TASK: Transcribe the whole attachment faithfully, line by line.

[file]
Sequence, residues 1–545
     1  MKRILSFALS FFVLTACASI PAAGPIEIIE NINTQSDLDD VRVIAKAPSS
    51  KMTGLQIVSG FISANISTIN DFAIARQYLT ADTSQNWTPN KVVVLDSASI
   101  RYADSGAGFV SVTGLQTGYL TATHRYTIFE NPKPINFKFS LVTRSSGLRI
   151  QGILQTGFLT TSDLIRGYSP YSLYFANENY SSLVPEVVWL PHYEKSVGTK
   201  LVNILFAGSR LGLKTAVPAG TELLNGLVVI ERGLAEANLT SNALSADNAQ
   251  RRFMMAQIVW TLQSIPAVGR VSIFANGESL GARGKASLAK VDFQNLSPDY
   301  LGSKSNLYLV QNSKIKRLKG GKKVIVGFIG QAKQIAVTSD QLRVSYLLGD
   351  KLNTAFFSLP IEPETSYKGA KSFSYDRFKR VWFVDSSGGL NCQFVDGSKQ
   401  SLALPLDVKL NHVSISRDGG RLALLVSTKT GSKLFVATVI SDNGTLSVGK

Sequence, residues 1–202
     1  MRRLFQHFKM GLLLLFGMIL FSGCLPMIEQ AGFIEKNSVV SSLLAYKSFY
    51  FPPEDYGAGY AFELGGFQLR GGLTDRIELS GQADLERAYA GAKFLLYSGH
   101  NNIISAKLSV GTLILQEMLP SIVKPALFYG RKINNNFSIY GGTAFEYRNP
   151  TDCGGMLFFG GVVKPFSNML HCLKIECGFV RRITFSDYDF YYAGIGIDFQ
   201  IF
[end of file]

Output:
Sequence, residues 1–545
     1  MKRILSFALS FFVLTACASI PAAGPIEIIE NINTQSDLDD VRVIAKAPSS
    51  KMTGLQIVSG FISANISTIN DFAIARQYLT ADTSQNWTPN KVVVLDSASI
   101  RYADSGAGFV SVTGLQTGYL TATHRYTIFE NPKPINFKFS LVTRSSGLRI
   151  QGILQTGFLT TSDLIRGYSP YSLYFANENY SSLVPEVVWL PHYEKSVGTK
   201  LVNILFAGSR LGLKTAVPAG TELLNGLVVI ERGLAEANLT SNALSADNAQ
   251  RRFMMAQIVW TLQSIPAVGR VSIFANGESL GARGKASLAK VDFQNLSPDY
   301  LGSKSNLYLV QNSKIKRLKG GKKVIVGFIG QAKQIAVTSD QLRVSYLLGD
   351  KLNTAFFSLP IEPETSYKGA KSFSYDRFKR VWFVDSSGGL NCQFVDGSKQ
   401  SLALPLDVKL NHVSISRDGG RLALLVSTKT GSKLFVATVI SDNGTLSVGK

Sequence, residues 1–202
     1  MRRLFQHFKM GLLLLFGMIL FSGCLPMIEQ AGFIEKNSVV SSLLAYKSFY
    51  FPPEDYGAGY AFELGGFQLR GGLTDRIELS GQADLERAYA GAKFLLYSGH
   101  NNIISAKLSV GTLILQEMLP SIVKPALFYG RKINNNFSIY GGTAFEYRNP
   151  TDCGGMLFFG GVVKPFSNML HCLKIECGFV RRITFSDYDF YYAGIGIDFQ
   201  IF